London's Tube Is Dangerously Hot, and the City Can't Do Much About It

Temperatures inside trains have climbed above government guidelines for safely transporting livestock. But narrow tunnels leave few options for modern climate control. 

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Flickr/JD

It’s not fair to compare London’s cramped commuters to cattle; right now, livestock actually get the better deal. As temperatures in the U.K.’s capital push towards 90 degrees for the second week running, heat levels in London’s Tube and bus system have now risen above the EU limit at which it is legal to transport cows, sheep, and pigs. The highest recorded temperature on the network so far this year is 96 degrees Fahrenheit, 10 degrees above the permissible 86 degrees Fahrenheit for livestock.

If that sounds bad (and it does), London is actually doing OK compared to previous heat waves. In 2006, temperatures in one Tube train reached an unprecedented high of 116 degrees Fahrenheit thanks to a system that has no real air conditioning installed. At temperatures like these, so many people risk fainting that a crowded Tube carriage can look like the witness box at the Salem Witch Trials. So, how can London, city of fog, tolerate such steamy hell?

In small part, it’s due to a Keep Calm And Carry On attitude here that allows officialdom to depend on a public that will grumble (and somewhat enjoy doing so) rather than revolt. There have been a few rumbles of protest, such as this summer’s Naked Commuter, but London’s occasional impressions of the horrendous Black Hole of Calcutta are usually short-lived. By the time there’s consensus that overheating is acute, the worst has usually passed. It’s not like living on the United States’ Eastern seaboard where, if my memory serves me correctly, leaving the house throughout the summer makes you feel like you’re wearing a wet sock over your head. This is also why London finds itself annually immobilized and dumbfounded by its yearly three to five days of snow. It doesn’t necessarily seem worth a major investment in either snow plows or air conditioning for a few days’ disruption.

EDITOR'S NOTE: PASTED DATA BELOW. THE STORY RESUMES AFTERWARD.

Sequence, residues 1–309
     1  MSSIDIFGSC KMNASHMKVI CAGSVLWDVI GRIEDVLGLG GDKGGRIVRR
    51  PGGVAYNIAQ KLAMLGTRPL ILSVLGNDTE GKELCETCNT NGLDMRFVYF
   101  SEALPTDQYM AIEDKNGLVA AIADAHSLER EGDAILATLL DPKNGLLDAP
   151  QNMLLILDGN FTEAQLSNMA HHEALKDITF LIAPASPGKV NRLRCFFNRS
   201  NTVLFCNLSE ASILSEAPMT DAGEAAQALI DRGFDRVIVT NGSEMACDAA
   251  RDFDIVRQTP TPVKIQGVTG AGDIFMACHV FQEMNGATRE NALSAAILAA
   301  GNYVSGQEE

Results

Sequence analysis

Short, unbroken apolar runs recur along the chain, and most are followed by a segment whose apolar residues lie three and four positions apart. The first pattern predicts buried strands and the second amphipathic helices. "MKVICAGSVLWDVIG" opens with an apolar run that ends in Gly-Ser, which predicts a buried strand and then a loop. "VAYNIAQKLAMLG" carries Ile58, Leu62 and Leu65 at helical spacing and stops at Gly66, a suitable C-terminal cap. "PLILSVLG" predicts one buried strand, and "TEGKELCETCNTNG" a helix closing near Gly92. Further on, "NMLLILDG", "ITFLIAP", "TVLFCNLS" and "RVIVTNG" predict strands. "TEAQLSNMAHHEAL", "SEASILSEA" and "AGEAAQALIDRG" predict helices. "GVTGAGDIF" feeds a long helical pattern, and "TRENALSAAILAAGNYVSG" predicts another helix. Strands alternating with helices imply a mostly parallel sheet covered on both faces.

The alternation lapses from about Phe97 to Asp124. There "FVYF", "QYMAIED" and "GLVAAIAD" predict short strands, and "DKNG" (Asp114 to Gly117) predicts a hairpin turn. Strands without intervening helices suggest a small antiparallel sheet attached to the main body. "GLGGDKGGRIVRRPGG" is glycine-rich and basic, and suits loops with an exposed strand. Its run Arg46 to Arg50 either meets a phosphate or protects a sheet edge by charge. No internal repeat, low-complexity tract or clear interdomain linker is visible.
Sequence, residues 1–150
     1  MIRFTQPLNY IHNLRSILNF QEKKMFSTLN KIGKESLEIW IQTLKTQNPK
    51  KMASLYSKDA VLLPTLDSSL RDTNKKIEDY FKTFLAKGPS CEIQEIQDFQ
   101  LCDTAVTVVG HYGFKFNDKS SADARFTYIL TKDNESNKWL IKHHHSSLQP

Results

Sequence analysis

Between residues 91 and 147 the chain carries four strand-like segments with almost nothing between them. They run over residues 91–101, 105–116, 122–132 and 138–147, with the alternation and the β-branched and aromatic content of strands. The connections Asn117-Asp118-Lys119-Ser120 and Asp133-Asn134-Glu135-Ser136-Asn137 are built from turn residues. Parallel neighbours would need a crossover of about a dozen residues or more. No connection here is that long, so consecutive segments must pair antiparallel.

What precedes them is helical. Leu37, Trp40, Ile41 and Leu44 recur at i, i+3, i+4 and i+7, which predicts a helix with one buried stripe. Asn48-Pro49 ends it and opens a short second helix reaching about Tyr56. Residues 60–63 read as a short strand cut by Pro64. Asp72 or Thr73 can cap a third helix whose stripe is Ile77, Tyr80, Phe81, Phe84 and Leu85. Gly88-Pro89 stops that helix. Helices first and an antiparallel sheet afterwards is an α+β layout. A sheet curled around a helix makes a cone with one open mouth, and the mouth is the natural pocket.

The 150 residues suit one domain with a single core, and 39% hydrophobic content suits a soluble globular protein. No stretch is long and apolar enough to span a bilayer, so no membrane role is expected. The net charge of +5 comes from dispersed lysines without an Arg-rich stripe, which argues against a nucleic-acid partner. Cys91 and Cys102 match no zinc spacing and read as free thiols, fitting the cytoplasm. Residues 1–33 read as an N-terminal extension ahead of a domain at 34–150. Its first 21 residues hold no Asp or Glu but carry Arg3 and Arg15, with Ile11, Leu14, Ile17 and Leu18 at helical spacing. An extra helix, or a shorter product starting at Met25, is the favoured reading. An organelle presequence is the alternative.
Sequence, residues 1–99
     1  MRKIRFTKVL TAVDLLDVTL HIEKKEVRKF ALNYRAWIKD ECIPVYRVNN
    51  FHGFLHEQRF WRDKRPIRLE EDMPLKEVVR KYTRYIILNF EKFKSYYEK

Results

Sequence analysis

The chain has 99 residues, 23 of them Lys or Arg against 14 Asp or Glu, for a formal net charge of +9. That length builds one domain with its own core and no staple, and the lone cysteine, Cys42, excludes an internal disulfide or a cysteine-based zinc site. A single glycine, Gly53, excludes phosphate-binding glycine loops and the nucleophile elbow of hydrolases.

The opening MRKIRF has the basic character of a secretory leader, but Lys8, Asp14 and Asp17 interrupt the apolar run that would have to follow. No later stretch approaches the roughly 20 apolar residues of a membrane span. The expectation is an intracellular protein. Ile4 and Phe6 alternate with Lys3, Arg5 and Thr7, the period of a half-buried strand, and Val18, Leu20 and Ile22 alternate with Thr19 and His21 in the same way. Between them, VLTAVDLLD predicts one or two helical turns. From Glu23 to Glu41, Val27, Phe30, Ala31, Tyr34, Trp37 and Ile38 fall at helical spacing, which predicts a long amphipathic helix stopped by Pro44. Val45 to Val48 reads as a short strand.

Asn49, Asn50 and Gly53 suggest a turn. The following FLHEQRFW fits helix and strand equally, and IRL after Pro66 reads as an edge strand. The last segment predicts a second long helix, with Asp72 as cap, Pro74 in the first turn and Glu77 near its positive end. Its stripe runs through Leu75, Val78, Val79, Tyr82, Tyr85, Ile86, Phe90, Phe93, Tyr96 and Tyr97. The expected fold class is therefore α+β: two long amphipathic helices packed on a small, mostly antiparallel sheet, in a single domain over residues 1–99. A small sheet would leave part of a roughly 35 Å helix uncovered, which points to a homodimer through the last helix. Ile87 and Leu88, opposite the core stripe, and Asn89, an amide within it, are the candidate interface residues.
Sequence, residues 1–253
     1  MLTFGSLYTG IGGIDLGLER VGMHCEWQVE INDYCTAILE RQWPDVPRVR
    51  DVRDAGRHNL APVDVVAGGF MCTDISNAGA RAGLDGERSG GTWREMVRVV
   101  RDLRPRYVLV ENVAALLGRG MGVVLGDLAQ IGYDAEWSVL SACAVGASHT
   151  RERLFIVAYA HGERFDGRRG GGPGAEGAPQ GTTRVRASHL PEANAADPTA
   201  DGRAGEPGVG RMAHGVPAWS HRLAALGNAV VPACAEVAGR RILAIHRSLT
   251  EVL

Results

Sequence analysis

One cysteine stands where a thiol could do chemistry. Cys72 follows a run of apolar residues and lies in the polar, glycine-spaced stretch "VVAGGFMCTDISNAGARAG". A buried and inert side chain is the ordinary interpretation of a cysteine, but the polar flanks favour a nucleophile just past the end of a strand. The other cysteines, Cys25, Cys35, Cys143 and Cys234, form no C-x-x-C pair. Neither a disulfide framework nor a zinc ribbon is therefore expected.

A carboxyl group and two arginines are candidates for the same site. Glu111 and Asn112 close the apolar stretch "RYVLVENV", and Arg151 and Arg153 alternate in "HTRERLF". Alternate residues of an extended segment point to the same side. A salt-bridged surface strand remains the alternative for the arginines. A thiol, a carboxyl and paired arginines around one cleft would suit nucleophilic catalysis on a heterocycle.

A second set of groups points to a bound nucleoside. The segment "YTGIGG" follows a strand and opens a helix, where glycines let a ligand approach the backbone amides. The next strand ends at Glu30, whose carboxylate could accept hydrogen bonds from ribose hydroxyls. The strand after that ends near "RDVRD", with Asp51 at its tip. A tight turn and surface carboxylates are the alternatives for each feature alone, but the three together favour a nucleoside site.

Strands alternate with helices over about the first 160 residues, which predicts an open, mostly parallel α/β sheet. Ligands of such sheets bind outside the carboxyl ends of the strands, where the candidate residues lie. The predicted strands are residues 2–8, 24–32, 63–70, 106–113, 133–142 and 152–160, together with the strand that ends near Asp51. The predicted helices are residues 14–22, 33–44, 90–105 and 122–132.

The real problem, however, is that London’s subway network just doesn’t have the room to solve the problem. The network was started back in 1863, before people even had flush toilets let alone artificially cooled air. But the oldest lines aren’t actually the worst offenders: London’s mid-Victorian lines were standard cut-and-cover tracks following the lines of streets, and they’re broad enough to accommodate new fully air conditioned trains. It may be long overdue, but London’s suit-wearers will be relieved to hear that these four lines will have standard air conditioning by 2016. Likewise, the wonderful Overground network—aka the Ginger Line—is fully air conditioned and blissfully cool.

Deeper down, on the rest of the network, it’s a different story. Tunnels on lines like the Central Line were excavated to be extremely snug. You see the cable covered walls screeching past directly outside the window. There just isn’t enough room within the tunnels to safely disperse the hot air expelled by air conditioning units. Trains on these lines do have some air blown in from vents (and windows at the ends of carriages that open to provide a breeze), but the gusts they provide is more Barbie hair dryer than Wuthering Heights.

A possible way around this would be to use heat pumps to cool stations and tunnels, rather than the trains themselves, but this solution still seems a long way off from being implemented. In the meantime, London’s transit users will just have to sit and stew.

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